Paying in hard cash looks simple. It appears familiar. But dealing with hard cash has its pain points. It requires a surprising amount of infrastructure because it is relatively bulky. It is even bulkier if we are paying out in small denominations. It is unsafe. There is a risk of robbery by outsiders. There is also a risk of internal leakages as it is hard to trace. It is harder to account for. Immoral insiders can be hard to monitor. If it is in the pocket or hands of individual A, it belongs to him or her.

Let us dissect a zakat payment operation in cash. It goes like this: take the cash and count it; shift it from A to B and count it again; shift it from B to C and count it again; and so on. So, cash payments of zakat can be costlier to implement, especially when a natural disaster strikes and there is an immediate need for relief and rehabilitation. Cash will need to carried along with the cashiers to the affected region and substantial amounts can simply disappear due to lack of accountability and trace-ability.

It is not hard to see that paying out in digital format has strong advantages over distribution of hard cash. So, what choices are out there for implementing a digital money delivery system? What are the logistical requirements of the system? And from the point of view of the beneficiaries, how important is their familiarity with and readiness for digital payments?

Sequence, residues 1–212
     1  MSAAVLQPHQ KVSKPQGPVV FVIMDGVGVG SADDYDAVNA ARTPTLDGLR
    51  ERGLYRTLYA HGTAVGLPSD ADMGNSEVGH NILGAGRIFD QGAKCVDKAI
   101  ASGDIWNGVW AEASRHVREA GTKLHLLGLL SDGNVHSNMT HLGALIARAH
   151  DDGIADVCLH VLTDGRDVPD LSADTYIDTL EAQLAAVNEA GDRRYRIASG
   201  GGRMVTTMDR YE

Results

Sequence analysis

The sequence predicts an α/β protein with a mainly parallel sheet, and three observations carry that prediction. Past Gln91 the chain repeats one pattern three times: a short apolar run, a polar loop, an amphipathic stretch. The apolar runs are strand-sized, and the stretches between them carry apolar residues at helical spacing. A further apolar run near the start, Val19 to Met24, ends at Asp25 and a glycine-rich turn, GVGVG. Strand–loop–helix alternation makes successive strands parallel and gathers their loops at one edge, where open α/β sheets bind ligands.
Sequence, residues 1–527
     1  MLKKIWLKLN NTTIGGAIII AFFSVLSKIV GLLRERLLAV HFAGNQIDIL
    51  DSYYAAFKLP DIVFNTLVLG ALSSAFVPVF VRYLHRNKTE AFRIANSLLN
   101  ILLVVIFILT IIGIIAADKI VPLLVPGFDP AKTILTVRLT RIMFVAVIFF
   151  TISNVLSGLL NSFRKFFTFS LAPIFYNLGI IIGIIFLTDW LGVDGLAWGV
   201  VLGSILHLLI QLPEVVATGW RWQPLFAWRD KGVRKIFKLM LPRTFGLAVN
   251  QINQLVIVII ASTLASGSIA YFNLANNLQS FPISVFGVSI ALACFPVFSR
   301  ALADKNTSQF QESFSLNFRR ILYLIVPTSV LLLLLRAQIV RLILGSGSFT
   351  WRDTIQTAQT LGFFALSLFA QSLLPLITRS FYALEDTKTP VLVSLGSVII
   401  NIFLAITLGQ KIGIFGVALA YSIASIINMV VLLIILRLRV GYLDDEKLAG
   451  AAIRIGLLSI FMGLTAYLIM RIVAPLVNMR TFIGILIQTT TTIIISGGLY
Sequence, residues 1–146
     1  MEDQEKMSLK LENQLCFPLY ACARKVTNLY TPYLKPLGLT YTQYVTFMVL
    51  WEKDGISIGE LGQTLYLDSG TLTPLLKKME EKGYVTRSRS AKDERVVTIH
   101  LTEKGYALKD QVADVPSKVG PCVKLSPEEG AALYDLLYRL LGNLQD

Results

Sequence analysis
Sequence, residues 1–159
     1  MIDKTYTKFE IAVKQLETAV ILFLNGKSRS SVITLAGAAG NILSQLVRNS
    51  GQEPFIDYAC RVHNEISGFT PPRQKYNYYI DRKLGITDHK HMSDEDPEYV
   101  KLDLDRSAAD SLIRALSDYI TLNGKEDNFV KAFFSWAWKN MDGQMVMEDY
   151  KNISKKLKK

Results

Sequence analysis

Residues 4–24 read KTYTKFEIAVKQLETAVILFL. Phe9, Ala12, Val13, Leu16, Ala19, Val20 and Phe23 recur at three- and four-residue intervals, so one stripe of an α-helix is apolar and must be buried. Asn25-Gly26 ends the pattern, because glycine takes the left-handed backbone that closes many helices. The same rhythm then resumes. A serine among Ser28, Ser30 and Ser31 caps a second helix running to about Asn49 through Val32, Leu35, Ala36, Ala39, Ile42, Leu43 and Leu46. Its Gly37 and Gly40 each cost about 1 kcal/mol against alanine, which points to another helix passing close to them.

Digital payments involve user authentication. This makes it possible to ensure that cash reaches the intended beneficiary. A digital environment also ensures integrity of data relating to the beneficiaries. Thus, there are built-in mechanisms that insure against theft and leakages. Every single payment can be accounted for or tracked, minimizing the possibility of corruption. Every single payment can be properly authorized.

What are the operational requirements for a successful digital zakat payment program? In terms of infrastructure, it will obviously be unwise to suggest that the program will create its own infrastructure. Essentially, the program has to use infrastructure that already exists on the ground. Required infrastructure will consist of bank servers for accounting, mobile phones for notifications, ATMs or perhaps banking agents for cash withdrawal, etc. Assuming that such an infrastructure exists, a digital zakat payment program will have distinct benefits over a physical cash disbursement program.

However, there is another factor other than infrastructure, that needs to be part of the equation. It is about the mustahiqoon or beneficiaries themselves. Are beneficiaries familiar with and ready to take up digital cash? For example, anecdotal evidence suggests that in a waqf-funded program in the Odisha province in India that pays cash every month to widows and elderly poor ladies, the program shifted from cash pay-outs to direct bank transfers in a bid to eliminate middlemen. However, it was observed after some time that the middlemen took advantage of the fact that most beneficiaries were not comfortable with PINs and ATMs. They collected the ATM cards for small groups of beneficiaries and provided them with withdrawal services from ATMs in inconvenient locations against a cut from the pay-outs.